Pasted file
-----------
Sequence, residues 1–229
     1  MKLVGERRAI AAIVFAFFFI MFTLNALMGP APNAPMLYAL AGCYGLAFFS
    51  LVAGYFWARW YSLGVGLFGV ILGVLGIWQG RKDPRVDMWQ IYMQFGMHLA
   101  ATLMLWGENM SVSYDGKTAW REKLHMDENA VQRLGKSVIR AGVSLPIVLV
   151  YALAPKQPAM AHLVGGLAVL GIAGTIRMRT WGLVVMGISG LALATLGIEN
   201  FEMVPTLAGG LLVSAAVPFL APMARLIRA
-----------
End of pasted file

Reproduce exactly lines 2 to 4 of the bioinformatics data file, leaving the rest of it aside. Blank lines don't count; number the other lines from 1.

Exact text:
     1  MKLVGERRAI AAIVFAFFFI MFTLNALMGP APNAPMLYAL AGCYGLAFFS
    51  LVAGYFWARW YSLGVGLFGV ILGVLGIWQG RKDPRVDMWQ IYMQFGMHLA
   101  ATLMLWGENM SVSYDGKTAW REKLHMDENA VQRLGKSVIR AGVSLPIVLV